…Nigeria’s oil sales suffer, US exports rise***
President Muhammadu Buhari’s attendance, late last month, at the ninth summit of the D-8 Organisation for Economic Cooperation, entrenched the Nigerian government’s disconcerting penchant for mixing governance with religion at all levels. Though couching its goals in economic aspirations, the D-8 remains an exclusive club of Islamic countries.
Since Nigeria’s constitution expressly forbids the promotion of any faith, it is time Nigeria reconsidered its membership of this and other overtly religious bodies.
The meeting was held in Istanbul, Turkey, with ministerial conferences scheduled for Nigeria this week. The summit’s theme, Expanding Opportunities through Cooperation, focused on mutual cooperation in agriculture, trade, transport, energy, and promotion of private sector activities in member countries.
Buhari reminded member heads of government at the event of the need to establish “integrated manufacturing structures” and attracting investment.
Even the official nomenclature of the group alluringly speaks of economic cooperation. For a country like Nigeria that seeks economic links, partners and investments wherever it can obtain favourable terms, it is tempting to view the D-8 as a laudable part of the country’s economic diplomacy.
But it is not. Past and contemporary realities tell a more nuanced story and dictate that we disengage from such organisations. Nigeria is not an Islamic state, nor is it tied to any other faith. Section 10 of the 1999 Constitution declares: “The Government of the Federation or of a State shall not adopt any religion as State Religion.”
The identity of the D-8 is not in doubt. It was the Sani Abacha military junta that dragged Nigeria into D-8, an organisation that expressly declared itself as “cooperation among major Muslim developing countries.”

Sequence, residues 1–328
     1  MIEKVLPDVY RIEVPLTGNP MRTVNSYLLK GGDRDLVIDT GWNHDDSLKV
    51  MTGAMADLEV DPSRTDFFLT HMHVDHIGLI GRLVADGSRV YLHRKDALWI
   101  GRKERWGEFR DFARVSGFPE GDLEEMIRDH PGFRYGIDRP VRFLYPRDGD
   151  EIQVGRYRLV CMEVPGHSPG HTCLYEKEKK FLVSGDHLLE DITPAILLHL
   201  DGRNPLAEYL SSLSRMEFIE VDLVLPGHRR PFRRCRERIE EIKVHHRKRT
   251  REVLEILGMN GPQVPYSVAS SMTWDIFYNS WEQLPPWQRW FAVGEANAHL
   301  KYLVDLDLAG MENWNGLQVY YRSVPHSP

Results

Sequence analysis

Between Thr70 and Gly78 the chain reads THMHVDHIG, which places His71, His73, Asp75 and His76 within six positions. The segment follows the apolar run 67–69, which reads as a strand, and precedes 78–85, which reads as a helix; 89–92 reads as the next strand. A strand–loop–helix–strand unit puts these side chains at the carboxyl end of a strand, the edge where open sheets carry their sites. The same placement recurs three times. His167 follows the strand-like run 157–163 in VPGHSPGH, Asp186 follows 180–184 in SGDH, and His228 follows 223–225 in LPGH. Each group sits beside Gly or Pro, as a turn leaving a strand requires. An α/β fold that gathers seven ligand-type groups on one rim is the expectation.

The first step towards the establishment of D-8 was the “Conference on Cooperation for Development” organised in Istanbul on October, 22 1996 with the participation of Iran, Pakistan, Bangladesh, Malaysia, Indonesia, Egypt and Nigeria upon the invitation of Turkey. All these countries, except Nigeria, are Islamic republics.
It was officially established by the Summit of Heads of State/Government in Istanbul on 15 June 1997. It lists among its objectives “to improve developing countries’ positions in the world economy, diversify and create new opportunities in trade relations, enhance participation in decision-making at the international level, and provide better standard of living.
” It seeks to allay any apprehension by declaring: “D-8 is an economic-grouping with no adverse impact on bilateral and multilateral commitments of the member countries, emanating from their membership to other international or regional organisations.”
Certainly, whatever may be its declared objectives, the fact that it runs contrary to the Constitution renders Nigeria’s membership indefensible. According to the Pew Research Centre, a United States think tank, Bangladesh’s population of 163 million is 90 per cent Muslim, the same percentage as Egypt’s 95.69 million people; Indonesia’s 261.1 million people boast a Muslim majority of 87 per cent; Iran’s 80.28 million 98 per cent; Malaysia’s 31.19 million 61 per cent; Pakistan’s 193.2 million 97 per cent; and Turkey’s 79.51 million 99 per cent.